How Much Does It Cost To Wax A Car?

In addition to giving your car’s exterior a quick facelift and making it appear almost brand new, waxing it also adds an important layer of protection against UV rays, salt, pollution, and various types of debris. While everyone should do this to ensure the longevity of their car, you might be delayed because you are unsure of how much a car wax service costs and whether or not this price is reasonable, let alone justified.

There is no set price for car waxing, but most people should plan to spend between $55 and $150, with larger vehicles and hand waxing falling on the more expensive end of the scale. In the end, the average cost varies widely because of a number of factors.

CarMats will go over the factors that will most likely affect the sticker price of your vehicle’s wax in this article, as well as how you might be able to lower this cost if necessary.

What Affects Car Wax Prices?

The majority of detailing or auto shops offer car waxing as a relatively common service. But you’ll soon discover that this service’s cost hardly ever varies between businesses or even between cars. This is due to the fact that there are a number of variables that can affect how much a car wax service will cost overall.

The following variables affect how much it will cost to wax a car overall:

  • Vehicle size
  • Vehicle condition
  • Application method
  • Professional vs. DIY
  • Individual cost vs. package cost

Let’s go over these factors in greater detail so you can better estimate how much it might cost to wax your car and how you might be able to lower or raise that cost.

Vehicle Size

It should come as no surprise that a larger vehicle will require more wax product to completely cover its exterior, as well as more time to complete the task. This means that you are not only paying more for the wax itself, but also for the work that goes into making it.

Larger vehicles, including SUVs, vans, and trucks, typically cost $75 to $150 as opposed to $50 to $125 for a standard or mini car.

Vehicle Condition

The main point we want to make here is that wax must be applied to a clean, dry exterior. This factor interacts somewhat with the individual versus package costs we’ll discuss later.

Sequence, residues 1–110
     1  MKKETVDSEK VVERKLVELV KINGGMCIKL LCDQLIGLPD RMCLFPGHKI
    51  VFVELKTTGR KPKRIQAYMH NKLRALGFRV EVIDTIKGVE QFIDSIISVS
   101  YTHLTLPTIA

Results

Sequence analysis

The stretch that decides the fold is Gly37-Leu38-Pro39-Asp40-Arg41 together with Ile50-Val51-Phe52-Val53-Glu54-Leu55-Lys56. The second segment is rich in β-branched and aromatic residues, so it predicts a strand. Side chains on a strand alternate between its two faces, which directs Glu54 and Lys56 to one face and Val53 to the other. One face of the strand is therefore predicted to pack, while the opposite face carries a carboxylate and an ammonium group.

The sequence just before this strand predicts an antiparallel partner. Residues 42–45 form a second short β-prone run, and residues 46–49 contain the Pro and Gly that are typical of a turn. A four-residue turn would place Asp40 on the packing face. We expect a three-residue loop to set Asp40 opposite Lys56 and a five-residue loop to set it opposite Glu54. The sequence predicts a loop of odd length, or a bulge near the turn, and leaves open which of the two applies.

Even if your car seems clean (perhaps you just washed it), it must be washed right before waxing in order to get rid of any dirt, sand, dust, or other debris. If you put wax on a dirty surface, the rough surface of these things will rub into the protective layers and paint of your car, leaving scratches or swirls.

So, no matter what, your car will need to be washed before it can be waxed. That said, the shop may charge more to clean your car if it is exceptionally dirty. Larger cars will require more time to clean, so this is also true for them.

Application Method

You may have noticed that many automatic car washes offer some kind of waxing option if you’ve ever used one. Most of the time, the liquid is sprayed on your car as it moves along the belt.

Even though a layer of wax from an automatic car wash is better than no wax at all, it is clearly not as good as having a professional hand wax your car.

The products used for hand waxing are almost always of higher quality and efficacy than the spray-on waxes used in automatic car washes. Additionally, the people who are applying the wax will be more thorough than the automated hoses, which will only spray your car for a few seconds at a time.

This not only guarantees that every square inch of your car’s surface will be waxed but also allows the person doing it by hand to add more wax if necessary to buff out a particular area.

Given that you’re paying for better materials and labor, getting your car hand-waxed is, unsurprisingly, more expensive than using a machine, but the expense is always justifiable.

Professional Vs. DIY

Of course, there is a third choice for the person who will wax your car. Unquestionably, purchasing a $10–$15 bottle or canister of wax paste, some microfiber towels, and a foam application pad and doing it yourself is the most economical way to have your car waxed.

Because the companies are billing you for the product used as well as labor and/or maintenance for the machines involved, paying for a wax through an automated car wash or a professional service will likely cost you more than the cost of a single bottle of wax product.

Yes, paying for these services is more convenient, and it is generally safer to have a professional wax your car for you if you have no experience with car detailing or waxing, but if you’re on a tight budget, you might be able to do it yourself.

Individual Cost Vs. Package Cost

As we hinted at in the previous section, getting a car wax almost always entails getting a car wash (or at the very least, a rinse), as it is essential to get rid of any dirt or grime from the car’s exterior.

Because of this, professional services often sell waxes in packages that, depending on the type of package, include services like polishing, detailing the outside, and even detailing the inside.

You may have gone to your detailing shop thinking you’d only pay for waxing, but you found out that it’s better to buy a package that includes more services that your car needs right away.

Final Thoughts

Although the cost of having your car waxed is unclear, it is reasonable to assume that you will spend between $50 and $125 or between $75 and $150 to have a smaller vehicle professionally hand-waxed. If saving money is your top priority, either use an automated car wash that offers a wax option or DIY; it shouldn’t cost more than $30.

Read more:

How Much Does It Cost To Touch Up Car Paint?

How Much Does It Cost To Rewire A Car?

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